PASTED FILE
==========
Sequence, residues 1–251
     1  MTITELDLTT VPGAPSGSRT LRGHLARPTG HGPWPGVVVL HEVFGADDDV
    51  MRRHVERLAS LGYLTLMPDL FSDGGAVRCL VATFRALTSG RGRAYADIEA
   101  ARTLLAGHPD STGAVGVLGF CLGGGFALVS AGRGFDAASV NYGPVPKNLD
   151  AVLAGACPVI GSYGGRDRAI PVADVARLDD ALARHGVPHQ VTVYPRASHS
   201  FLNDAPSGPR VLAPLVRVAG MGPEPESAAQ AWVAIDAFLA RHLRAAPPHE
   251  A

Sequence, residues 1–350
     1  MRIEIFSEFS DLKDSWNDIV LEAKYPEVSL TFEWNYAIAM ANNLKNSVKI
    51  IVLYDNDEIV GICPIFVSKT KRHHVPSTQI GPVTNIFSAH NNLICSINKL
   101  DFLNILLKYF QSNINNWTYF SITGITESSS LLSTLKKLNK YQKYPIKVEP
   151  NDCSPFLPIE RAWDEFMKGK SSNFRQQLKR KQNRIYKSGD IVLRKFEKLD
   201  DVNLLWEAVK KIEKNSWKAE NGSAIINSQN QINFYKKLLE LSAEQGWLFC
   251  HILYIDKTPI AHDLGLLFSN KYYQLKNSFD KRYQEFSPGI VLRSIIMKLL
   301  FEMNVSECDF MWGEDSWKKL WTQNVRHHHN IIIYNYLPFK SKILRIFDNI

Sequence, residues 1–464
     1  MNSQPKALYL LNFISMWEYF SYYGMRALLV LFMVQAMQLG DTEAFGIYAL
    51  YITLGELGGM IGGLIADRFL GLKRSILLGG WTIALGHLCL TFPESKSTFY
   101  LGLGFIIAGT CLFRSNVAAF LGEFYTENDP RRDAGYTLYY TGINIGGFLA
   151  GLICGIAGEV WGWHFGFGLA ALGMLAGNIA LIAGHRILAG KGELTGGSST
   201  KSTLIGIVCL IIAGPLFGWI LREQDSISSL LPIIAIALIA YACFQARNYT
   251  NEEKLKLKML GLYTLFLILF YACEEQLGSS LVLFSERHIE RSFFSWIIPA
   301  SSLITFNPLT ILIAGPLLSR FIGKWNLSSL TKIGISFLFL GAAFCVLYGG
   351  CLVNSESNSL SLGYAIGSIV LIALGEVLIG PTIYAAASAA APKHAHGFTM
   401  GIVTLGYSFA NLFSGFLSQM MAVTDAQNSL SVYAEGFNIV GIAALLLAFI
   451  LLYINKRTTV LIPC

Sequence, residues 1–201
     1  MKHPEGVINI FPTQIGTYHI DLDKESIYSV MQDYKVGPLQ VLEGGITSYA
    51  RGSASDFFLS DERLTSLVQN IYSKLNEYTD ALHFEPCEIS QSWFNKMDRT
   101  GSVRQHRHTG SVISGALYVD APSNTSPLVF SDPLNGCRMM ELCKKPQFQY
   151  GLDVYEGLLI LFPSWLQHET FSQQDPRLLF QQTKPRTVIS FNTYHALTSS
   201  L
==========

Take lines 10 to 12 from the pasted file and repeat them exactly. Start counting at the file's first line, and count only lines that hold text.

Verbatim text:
    51  IVLYDNDEIV GICPIFVSKT KRHHVPSTQI GPVTNIFSAH NNLICSINKL
   101  DFLNILLKYF QSNINNWTYF SITGITESSS LLSTLKKLNK YQKYPIKVEP
   151  NDCSPFLPIE RAWDEFMKGK SSNFRQQLKR KQNRIYKSGD IVLRKFEKLD